Louisiana Gov. John Bel Edwards called for a federal civil rights investigation on Tuesday into what was, at that point, the latest fatal police shooting of a black man in the United States.

But in May, Edwards signed a bill into law that makes targeting a police officer a hate crime. Passage of such bills at the state level is a top priority for a national organization called Blue Lives Matter, which was formed in response to the Black Lives Matter movement.

Alton Sterling, 37, was shot in the chest at point-blank range by Baton Rouge police early Tuesday morning; witnesses captured the event on video. Philando Castile, 32, was shot after police stopped his car outside St. Paul, Minnesota; his girlfriend livestreamed his death on Facebook.

But it was the civil rights of police officers that Edwards was concerned about in May, as if theirs were being routinely violated.

“I’m not aware of any evidence that police officers have been victimized that would justify giving them special protection,” Marjorie R. Esman, executive director of the ACLU of Louisiana, told The Intercept.

Under the law, a defendant convicted of a misdemeanor could face an extra six months in prison and a $500 fine. A defendant convicted of a felony could get an extra five years in prison with hard labor and a $5,000 fine.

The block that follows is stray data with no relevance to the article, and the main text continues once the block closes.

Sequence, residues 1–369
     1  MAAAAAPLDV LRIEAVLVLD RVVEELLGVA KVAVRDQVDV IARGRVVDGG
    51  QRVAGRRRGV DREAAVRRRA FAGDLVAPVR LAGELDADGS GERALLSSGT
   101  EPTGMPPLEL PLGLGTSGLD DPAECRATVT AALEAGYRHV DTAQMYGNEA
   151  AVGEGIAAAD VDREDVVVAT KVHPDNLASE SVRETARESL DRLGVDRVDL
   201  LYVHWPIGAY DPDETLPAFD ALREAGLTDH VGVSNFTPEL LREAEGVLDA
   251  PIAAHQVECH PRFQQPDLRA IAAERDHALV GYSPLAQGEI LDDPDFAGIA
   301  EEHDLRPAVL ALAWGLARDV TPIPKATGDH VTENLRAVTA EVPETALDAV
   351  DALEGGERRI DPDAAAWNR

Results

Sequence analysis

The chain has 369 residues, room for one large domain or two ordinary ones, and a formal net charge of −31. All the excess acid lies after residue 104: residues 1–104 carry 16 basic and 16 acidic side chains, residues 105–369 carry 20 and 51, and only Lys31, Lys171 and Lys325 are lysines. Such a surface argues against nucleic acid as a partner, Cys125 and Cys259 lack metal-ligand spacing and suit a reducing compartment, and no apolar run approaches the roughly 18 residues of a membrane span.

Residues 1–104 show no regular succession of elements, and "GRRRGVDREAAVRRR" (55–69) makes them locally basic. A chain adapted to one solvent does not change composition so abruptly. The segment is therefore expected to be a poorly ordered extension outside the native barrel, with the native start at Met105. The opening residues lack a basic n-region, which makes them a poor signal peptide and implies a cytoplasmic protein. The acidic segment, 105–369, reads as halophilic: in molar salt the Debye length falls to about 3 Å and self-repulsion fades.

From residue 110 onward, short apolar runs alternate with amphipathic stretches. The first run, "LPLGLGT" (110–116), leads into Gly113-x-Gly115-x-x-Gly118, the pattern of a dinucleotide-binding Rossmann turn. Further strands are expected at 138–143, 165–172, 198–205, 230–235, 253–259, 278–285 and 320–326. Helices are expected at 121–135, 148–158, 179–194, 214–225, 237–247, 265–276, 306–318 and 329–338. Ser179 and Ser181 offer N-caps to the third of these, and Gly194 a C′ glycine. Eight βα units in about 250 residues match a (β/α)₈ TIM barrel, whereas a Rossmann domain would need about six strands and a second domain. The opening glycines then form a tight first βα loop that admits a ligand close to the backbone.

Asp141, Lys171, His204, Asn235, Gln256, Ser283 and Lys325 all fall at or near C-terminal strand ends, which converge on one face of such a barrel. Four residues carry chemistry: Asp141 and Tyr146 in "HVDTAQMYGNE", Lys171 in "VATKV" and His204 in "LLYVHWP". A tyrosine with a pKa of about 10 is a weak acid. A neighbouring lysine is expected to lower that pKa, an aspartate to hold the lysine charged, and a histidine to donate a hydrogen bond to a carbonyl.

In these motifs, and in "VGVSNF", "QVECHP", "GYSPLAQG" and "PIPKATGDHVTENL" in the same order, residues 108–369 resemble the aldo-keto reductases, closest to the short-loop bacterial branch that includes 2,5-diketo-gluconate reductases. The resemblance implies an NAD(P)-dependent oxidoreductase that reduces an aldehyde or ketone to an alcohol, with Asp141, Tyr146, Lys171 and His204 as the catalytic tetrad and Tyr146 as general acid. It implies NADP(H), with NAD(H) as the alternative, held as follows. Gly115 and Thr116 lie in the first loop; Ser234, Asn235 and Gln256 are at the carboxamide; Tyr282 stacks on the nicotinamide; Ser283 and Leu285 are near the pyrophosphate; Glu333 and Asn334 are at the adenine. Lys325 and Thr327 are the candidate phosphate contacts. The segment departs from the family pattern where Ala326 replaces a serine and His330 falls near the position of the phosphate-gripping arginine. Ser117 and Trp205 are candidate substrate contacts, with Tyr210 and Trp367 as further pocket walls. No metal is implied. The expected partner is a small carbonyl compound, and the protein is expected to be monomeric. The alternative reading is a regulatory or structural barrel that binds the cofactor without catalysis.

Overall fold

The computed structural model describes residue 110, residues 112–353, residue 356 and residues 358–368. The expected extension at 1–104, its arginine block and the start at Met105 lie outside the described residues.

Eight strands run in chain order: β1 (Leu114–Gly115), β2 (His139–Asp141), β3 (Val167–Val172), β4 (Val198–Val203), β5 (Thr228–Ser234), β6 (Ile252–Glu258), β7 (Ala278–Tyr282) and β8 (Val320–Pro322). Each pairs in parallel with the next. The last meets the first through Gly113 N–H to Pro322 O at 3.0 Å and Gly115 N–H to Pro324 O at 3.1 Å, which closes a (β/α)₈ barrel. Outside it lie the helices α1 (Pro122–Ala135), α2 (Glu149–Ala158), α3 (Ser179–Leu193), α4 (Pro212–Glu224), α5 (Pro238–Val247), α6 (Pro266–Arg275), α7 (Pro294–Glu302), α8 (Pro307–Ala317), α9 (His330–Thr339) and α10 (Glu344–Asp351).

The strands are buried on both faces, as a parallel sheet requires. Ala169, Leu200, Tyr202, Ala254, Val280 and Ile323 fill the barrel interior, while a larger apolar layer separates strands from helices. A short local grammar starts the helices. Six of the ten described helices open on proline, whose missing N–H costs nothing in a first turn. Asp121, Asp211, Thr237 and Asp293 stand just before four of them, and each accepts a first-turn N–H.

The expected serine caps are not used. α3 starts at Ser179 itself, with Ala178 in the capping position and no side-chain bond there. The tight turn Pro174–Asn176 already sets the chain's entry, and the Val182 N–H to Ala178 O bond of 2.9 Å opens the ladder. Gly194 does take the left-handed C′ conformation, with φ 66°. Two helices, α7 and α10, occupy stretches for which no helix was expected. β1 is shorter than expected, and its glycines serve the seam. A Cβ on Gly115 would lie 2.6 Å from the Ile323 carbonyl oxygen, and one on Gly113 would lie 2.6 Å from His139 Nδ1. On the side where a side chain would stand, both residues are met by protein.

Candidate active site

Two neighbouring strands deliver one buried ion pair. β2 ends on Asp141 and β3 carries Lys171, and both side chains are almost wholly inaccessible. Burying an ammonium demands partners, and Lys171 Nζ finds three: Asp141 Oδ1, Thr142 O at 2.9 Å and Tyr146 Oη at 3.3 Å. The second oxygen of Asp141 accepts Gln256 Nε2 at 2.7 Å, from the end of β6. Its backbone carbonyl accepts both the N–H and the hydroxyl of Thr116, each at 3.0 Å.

The new law places police officers, firefighters, and EMTs under protection from hate crimes — an umbrella term that goes beyond direct assault. Aviva Shen writes at ThinkProgress:

Now that police are a protected class, this language [meant to enhance penalties for attacks against houses of worship] could be used to target any damage done to squad cars or protests on police property, like the sit-in at the Minneapolis Police Department over the death of Jamar Clark, or the Black Lives Matter blockade of the Oakland Police headquarters in California.

Lamar Advertising, based in Baton Rouge, donated more than 300 billboards that appeared across the country bearing the slogans #BlueLivesMatter and #thankublu.

“We wanted to recognize the local police departments and men and women that put their lives on the line every day,” Stephen Hebert of Lamar Advertising told WVIT-TV.

Laws similar to the one in Louisiana have been proposed in Kentucky, Tennessee, and Chicago. Last year in Coon Rapids, Minnesota — just north of Minneapolis, where Castile was killed Wednesday — hundreds of supporters held a Police Lives Matter rally.

In Washington, lawmakers in the House and Senate have both introduced a “Thin Blue Line Act,” which would strengthen penalties for attacks on law enforcement.

The ACLU’s Esman said police are not the group of people who need attention: “Right now, here in Louisiana, we are dealing with the fact that the police have killed a black man who was minding his own business.”